Sat, Sep 24, 2005 - Page 7 News List

Orangutans under threat as palm oil plantations spread


Sandra, a young orangutan, plays with wrapping paper at the Buenos Aires Zoo, Wednesday. Wild orangutans are under threat in their native lands.


Demand for a common vegetable oil found in one in 10 products on supermarket shelves is driving orangutan populations towards extinction, environmental campaigners warned yesterday.

Groups working to save the remaining orangutans in Southeast Asia predict the uncontrolled trade in palm oil could cause the extinction of the continent's only great ape in little over a decade.

They want to raise awareness of the threat among shoppers and are calling on the big supermarkets and the government to act.

Ian Redmond, the chairman of the conservation group Ape Alliance, said: "To the average shopper, the problem seems a world away."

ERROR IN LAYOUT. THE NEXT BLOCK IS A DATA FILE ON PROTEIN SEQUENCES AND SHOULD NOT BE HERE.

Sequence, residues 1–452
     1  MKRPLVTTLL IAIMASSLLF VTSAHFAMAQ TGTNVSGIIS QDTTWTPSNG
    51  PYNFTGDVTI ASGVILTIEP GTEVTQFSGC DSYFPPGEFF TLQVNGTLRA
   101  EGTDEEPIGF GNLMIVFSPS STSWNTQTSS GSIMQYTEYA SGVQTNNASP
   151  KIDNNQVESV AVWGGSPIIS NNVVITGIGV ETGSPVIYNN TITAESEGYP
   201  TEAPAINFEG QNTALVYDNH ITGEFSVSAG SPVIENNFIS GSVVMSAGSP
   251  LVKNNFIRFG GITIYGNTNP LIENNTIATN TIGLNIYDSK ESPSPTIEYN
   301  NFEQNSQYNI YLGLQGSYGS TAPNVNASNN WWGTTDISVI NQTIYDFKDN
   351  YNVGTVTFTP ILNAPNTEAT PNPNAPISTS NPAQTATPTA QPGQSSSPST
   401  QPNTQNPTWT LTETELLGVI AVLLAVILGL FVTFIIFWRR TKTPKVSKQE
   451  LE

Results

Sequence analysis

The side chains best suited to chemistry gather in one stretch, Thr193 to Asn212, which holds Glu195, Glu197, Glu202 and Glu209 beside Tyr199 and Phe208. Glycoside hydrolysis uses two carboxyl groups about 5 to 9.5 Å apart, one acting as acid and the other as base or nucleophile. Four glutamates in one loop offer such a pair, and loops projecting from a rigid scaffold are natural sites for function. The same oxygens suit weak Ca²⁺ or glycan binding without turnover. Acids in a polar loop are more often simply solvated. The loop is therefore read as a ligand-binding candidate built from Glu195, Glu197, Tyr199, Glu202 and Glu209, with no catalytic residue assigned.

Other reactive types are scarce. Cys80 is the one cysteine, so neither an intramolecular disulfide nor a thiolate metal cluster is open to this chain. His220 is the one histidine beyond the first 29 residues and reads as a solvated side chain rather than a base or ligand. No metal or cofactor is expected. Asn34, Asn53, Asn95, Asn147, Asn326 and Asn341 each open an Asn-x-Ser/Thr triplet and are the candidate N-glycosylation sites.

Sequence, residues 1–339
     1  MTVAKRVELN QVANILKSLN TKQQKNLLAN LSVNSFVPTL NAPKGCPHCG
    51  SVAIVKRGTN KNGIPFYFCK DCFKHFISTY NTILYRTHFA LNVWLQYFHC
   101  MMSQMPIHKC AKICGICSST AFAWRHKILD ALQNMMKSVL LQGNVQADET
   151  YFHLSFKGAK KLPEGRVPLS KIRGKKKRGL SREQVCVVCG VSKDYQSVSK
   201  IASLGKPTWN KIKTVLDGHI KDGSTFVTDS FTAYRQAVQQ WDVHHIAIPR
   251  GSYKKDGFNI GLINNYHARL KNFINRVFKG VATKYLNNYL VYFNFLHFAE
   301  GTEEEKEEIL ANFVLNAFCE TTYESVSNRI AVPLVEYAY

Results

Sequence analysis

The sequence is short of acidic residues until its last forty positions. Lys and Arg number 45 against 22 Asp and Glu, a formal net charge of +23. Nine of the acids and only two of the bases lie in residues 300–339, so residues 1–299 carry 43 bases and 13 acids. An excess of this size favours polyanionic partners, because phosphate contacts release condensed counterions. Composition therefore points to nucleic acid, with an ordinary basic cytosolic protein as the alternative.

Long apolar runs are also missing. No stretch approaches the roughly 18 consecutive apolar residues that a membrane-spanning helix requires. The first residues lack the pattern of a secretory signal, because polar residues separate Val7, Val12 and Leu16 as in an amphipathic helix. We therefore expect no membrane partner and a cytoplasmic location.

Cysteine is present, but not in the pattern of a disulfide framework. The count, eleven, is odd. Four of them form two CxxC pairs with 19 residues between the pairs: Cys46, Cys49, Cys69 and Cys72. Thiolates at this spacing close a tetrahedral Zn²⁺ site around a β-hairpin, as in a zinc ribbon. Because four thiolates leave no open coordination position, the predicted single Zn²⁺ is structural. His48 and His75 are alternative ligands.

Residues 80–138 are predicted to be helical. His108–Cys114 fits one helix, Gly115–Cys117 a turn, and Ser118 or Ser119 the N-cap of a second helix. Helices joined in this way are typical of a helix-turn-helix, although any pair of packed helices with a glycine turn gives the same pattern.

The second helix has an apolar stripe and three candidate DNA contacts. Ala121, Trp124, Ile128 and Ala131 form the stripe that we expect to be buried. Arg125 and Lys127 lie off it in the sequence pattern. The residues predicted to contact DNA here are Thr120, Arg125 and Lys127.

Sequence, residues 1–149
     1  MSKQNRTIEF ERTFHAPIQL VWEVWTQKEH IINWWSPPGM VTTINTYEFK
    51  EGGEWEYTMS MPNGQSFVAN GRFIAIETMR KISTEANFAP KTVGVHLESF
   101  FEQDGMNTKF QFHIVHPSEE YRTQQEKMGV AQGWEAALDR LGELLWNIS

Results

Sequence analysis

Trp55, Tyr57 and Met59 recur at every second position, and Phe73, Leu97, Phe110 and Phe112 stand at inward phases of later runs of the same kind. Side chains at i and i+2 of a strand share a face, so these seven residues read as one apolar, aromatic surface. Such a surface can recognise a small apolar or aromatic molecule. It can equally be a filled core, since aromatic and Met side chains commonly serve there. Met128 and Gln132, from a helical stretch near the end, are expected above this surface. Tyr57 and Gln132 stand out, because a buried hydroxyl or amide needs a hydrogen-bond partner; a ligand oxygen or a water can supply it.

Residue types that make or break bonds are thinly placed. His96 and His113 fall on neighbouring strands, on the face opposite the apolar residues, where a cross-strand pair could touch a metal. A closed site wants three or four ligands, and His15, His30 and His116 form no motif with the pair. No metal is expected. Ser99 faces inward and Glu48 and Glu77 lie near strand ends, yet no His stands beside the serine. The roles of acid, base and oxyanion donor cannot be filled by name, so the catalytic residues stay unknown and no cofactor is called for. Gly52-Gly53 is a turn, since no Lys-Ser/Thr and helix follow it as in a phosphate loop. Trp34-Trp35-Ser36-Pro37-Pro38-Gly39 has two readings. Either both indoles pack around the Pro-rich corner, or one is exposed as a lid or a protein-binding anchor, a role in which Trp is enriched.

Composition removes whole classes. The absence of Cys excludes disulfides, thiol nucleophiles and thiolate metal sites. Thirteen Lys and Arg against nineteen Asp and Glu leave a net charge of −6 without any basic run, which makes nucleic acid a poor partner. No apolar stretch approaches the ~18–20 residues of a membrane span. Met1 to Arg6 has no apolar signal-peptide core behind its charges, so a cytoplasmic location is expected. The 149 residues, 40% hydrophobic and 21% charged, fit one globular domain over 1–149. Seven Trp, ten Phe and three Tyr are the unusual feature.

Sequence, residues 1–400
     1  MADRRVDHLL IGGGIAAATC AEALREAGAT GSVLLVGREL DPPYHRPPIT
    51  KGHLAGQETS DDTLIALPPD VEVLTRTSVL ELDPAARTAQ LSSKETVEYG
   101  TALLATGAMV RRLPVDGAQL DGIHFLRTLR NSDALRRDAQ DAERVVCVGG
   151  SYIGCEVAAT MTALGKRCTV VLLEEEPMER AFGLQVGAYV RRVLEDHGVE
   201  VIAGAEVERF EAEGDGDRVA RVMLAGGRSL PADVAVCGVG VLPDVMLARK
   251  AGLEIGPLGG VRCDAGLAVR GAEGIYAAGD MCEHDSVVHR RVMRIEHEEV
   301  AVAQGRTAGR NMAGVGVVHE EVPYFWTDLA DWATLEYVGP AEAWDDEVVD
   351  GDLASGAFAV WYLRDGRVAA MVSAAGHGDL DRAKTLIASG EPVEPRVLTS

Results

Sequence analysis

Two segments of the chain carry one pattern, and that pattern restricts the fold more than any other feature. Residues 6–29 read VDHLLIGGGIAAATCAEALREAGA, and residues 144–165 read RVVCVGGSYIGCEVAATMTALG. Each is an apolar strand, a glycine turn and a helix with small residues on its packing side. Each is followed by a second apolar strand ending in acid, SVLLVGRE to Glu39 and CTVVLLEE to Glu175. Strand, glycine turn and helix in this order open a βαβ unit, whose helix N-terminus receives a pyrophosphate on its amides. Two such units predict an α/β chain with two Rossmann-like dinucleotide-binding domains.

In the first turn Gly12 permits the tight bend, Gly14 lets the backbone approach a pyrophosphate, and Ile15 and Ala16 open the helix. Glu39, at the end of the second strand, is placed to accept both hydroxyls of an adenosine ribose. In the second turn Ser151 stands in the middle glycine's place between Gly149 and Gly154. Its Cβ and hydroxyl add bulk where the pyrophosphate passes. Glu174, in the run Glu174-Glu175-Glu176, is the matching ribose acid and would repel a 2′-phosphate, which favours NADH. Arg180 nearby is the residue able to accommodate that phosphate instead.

"However, anyone who buys chocolate, crisps, bread, cakes, detergents, toothpaste, shampoo, lipstick or a host of other products may be an unwitting partner in causing the extinction of the orangutan," he said.

Orangutan numbers in the rainforests of Indonesia and Malaysia -- the only place they are found in the world -- have crashed in the last 15 years and are now below 60,000. Experts say an estimated 5,000 die each year as the remaining forest is chopped down to establish profitable palm oil plantations.

Palm oil is a major ingredient in many processed foods, although it is often labelled as vegetable oil. Imports in the UK, for example, doubled between 1995 and last year to 914,000 tonnes, making Britain the second biggest European importer after the Netherlands.

The British naturalist and broadcaster Sir David Attenborough, who visited Borneo earlier this year, said: "I was in areas where five years ago there was a wonderful rainforest and there's now a palm oil plantation. It's being chopped down all the time."

Ed Matthew, a campaigner with Friends of the Earth, said most palm oil entering the UK came from destructive plantations. This year the group asked 96 UK companies about their palm oil suppliers. Of 18 that responded, the majority did not know where their palm oil came from.

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